In God we trust? Brits are losing faith in the clergy
According to an Ipsos MORI survey of which professions are trusted most by the public, the proportion of those trusting priests has reached unprecedented lows. Only 65 percent of the 988 adults polled said they trusted priests to tell the truth in 2017, down from 69 percent in 2016.
In 1983, the figure stood at 85 percent. This was the very first year data of such was put on record.
It comes amid widespread reports of the Church losing followers as the number of secular Britons now outnumbers Christians. According to a report titled ‘The “No Religion” Population in Britain’, the number of non-religious, or ‘nones’, now accounts for 48.6 percent of Britons.
The number of British people identifying as Christian dropped from 55 percent to 43 percent between 1983 and 2015. The number of non-Christian believers, however, such as Muslims and Hindus, quadrupled.
“Groups such as professors, scientists, the police, trade union officials and civil servants have become more trusted, but the clergy are the most notable losers,” said Gideon Skinner, head of political polling at Ipsos MORI.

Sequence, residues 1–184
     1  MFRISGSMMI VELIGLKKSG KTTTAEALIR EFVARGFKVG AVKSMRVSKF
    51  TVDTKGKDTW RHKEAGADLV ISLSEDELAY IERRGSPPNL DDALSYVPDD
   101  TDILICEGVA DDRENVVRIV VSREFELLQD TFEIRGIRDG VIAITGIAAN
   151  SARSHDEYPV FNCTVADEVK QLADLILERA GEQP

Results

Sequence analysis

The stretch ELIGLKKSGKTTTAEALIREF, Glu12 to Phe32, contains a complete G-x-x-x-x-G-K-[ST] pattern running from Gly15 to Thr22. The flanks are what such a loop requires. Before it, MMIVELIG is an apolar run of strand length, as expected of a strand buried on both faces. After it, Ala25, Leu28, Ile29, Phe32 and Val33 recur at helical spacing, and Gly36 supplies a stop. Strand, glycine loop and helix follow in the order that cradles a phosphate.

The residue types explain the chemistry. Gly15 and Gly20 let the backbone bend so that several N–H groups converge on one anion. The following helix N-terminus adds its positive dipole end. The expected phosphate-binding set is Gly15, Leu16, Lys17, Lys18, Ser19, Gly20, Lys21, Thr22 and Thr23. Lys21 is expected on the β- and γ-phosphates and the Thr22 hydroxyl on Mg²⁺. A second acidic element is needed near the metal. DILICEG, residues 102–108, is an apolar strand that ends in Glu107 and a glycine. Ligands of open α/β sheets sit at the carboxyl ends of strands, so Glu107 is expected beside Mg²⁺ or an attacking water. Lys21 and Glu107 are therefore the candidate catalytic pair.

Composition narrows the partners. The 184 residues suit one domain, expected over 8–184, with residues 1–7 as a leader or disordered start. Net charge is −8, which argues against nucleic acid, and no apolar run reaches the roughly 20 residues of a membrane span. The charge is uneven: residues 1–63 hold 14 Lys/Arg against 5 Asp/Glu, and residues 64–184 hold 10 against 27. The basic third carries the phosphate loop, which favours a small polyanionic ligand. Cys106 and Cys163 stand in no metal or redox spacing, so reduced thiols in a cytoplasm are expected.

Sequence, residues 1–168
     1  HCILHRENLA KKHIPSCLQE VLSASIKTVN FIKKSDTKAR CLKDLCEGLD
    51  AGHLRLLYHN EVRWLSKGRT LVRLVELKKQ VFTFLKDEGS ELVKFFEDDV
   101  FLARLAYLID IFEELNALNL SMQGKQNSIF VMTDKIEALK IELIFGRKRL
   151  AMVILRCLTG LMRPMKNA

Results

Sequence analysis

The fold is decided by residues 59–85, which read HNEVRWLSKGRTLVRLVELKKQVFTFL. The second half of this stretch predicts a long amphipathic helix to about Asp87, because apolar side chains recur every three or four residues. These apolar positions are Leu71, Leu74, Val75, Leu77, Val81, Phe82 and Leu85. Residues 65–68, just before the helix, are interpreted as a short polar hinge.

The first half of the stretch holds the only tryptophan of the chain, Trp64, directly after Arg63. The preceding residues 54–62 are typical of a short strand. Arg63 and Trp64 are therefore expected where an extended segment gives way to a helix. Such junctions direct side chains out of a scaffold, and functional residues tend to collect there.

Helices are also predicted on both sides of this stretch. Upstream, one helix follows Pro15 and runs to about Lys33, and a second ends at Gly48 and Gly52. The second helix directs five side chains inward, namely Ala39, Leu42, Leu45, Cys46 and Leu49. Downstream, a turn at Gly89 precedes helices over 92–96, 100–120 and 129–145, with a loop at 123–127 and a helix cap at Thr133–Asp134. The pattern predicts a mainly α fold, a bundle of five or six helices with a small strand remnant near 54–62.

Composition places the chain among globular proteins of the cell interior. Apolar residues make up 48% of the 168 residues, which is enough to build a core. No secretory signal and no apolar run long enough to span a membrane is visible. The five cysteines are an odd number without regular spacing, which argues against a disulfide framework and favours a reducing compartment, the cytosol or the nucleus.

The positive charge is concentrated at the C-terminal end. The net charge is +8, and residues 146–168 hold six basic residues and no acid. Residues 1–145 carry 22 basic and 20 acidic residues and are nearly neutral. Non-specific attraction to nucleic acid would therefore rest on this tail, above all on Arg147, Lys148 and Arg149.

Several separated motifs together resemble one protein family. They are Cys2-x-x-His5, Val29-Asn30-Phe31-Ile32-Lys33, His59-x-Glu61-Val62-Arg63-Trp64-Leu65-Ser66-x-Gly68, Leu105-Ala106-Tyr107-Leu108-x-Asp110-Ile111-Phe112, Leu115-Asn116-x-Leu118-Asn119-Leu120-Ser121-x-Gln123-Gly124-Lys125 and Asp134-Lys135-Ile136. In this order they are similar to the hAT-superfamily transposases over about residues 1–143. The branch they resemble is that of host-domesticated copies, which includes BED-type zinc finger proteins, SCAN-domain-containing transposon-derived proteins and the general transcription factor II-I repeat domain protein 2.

The poll also found politicians remained the least trusted of all. Interestingly, the poll found a rise in the people trusting politicians despite recent sexual harassment allegations at Westminster.
The number of those trusting politicians rose from 17 percent to 20, while those trusting government ministers stood at 22, up from 19 before the misconduct allegations.
While trust in journalists reached an all-time high at 27 percent, the most-trusted group of professionals was nurses at 94 percent, with doctors narrowly trailing at 91 percent. Trust in police is at its highest level, with 74 percent of respondents saying they trusted the force, up by 13 points since 1983.